Presentation is another area that's been constantly lacking in the PES series and this year doesn't see much of an improvement. The main menu screen that uses advertising boarding as the menu may have sounded clever on paper but its one option at a time approach does its best to hide the game's features. Little things like having to continually pick your storage device every time you do anything become even more annoying because they could so easily have been avoided by a little thought. The font size used on the squad and tactics screens is also so small it's almost unreadable for those of us not rich enough to own an HD TV and the small indicator on the pitch outline at the top of the tactics screen that shows which player is currently selected is almost impossible to detect at times, a pain when using team's with unfamiliar players. The lack of real team names is also a perennial problem for PES games, one that we've perhaps grown used to over the years and in some ways it's a small niggle, we all know who's who really ('Man Red' doesn't fool anyone) and it doesn't change the underlying game. But it does add a final blot on the already messy copybook of a game that by now should have learned a thing or two from EA about how to present a football game.
On a more positive note the ever excellent Master League returns offering the chance to take a lowly team to glory using both your on pitch skills and your managerial expertise. Transfers are still a pain thanks to a horrible interface but bringing in new players is still fun as is watching your team evolve and improve as you go. This year there's also basic media interaction, although basic is the important word to remember in that description. The management options in Master League are never going to compare to dedicated management games but they do add a very enjoyable layer of depth to proceedings giving a feeling of involvement and personal attachment that's missing in the more conventional league and cup competitions you're able to setup and play outside of the Master League.
Considering this isn't the first PES to appear on the new generation of consoles it's a shame to find that graphically things haven't moved on a great deal from last year's first attempt. Everything looks clean enough and animations are suitably impressive but there's little in the way of visual subtleties like flapping shirts or dirty kits, although Ashley Cole is wearing suitably horrible coloured boots. It's nice to see the referee on the pitch though, it makes no real difference to the game of course but it helps add to the illusion and I've never quite understood why all football games don't do it. Player models are fine but never threaten to cross the line into great, all too often looking more like plastic mannequins than real people when you get in close. Some facial likenesses however are very good, Christiano Ronaldo being one of the best probably due to his front of box duties.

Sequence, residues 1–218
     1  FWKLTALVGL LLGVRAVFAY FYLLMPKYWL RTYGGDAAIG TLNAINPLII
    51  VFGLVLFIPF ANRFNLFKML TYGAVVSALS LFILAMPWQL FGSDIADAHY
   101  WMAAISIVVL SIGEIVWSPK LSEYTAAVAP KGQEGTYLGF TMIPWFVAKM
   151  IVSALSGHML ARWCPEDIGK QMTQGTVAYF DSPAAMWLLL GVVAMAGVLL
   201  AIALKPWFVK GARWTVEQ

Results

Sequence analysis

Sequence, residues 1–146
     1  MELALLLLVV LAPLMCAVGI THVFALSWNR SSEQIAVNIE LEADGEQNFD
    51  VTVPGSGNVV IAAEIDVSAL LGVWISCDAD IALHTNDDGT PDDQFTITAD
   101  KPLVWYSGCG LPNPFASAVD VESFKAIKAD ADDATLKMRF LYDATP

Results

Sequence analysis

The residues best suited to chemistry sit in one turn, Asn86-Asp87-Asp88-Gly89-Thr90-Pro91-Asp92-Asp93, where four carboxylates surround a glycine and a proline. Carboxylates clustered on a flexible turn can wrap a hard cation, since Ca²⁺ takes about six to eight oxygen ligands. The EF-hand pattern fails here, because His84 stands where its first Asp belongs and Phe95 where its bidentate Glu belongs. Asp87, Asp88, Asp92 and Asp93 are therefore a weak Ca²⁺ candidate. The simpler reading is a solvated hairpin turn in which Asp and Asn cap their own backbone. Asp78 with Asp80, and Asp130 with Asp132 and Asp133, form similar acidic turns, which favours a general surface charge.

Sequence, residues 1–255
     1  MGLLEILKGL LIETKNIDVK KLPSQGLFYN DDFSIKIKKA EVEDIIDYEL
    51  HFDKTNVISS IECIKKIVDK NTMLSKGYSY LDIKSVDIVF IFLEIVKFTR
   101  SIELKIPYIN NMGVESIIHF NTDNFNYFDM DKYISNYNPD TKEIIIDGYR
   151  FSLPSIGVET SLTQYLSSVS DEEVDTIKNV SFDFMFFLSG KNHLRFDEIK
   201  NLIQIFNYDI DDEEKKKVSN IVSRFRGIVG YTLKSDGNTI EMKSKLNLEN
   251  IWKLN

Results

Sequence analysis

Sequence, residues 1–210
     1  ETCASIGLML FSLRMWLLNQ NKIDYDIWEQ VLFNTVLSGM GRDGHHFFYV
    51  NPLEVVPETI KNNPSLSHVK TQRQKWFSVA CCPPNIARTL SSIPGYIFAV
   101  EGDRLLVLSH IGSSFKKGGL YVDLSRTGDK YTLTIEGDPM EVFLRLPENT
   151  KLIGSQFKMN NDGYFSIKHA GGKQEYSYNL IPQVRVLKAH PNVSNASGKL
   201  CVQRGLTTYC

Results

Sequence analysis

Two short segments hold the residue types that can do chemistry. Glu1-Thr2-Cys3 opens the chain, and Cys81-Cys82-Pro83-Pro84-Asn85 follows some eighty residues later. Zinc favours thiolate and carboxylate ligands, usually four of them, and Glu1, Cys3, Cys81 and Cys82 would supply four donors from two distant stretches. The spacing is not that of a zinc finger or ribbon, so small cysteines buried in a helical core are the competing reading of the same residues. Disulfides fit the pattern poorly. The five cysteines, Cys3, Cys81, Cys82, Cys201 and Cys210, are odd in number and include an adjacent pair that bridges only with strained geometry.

This may all seem like a bit of a 'slagging off' for a game many people will love despite its flaws, the thing is I'm one of them and my dissatisfaction comes from a love of the series and my frustration at yet another opportunity missed to fix old flaws. PES 2008 is by no means a bad game, it's actually a damn good one, it's just that it was damn good last year too but with the new FIFA offering a genuinely attractive alternative PES needed to step up and do something special to warrant its place at the top of the pile, not to mention the expense of upgrading. The fact that it didn't even seem to try to do that throws the game's few faults into sharp relief. Depending where you stand in the PES vs. FIFA debate this could still very well be the best football game out there and if you've not got a recent PES game then this is certainly the one to get. However, is it worth buying if you bought last year's or you're undecided between this and FIFA? No, I see no reason why it is.
It is defiantly more end to end arcade than true simulation and the ever poor presentation is frankly beyond a joke now, however, to end on a positive note, it does what it does very well indeed providing a version of football that while not hugely realistic plays the kind of fast exciting all action game you wish you watched week in week out on the terraces. Put it this way, my England vs. Croatia game this morning ended 7 - 1 (4-4-2, Beckham on from the start and no untested young keeper), hands up who'd have rather watched that on Wednesday night...
- Borderlands 2 writer leaving Gearbox to join Freddie Wong's RocketJump production company
- Bloodborne will be harder than Demon's Souls and features procedurally generated dungeons
- Hearthstone users pass the 75 million mark, new expansion on the way says new report
- Square Enix unveils the Final Fantasy Type-0 Collector's Edition
- Life Is Strange arrives today
- SEGA cuts jobs in the biggest strategic shift since they binned the Dreamcast
- Big new update arrives for Frozen Cortex
- Introversion's Prison Architect will see its full launch this year, mobile version announced
- Ken Levine's next game is a first-person sci-fi title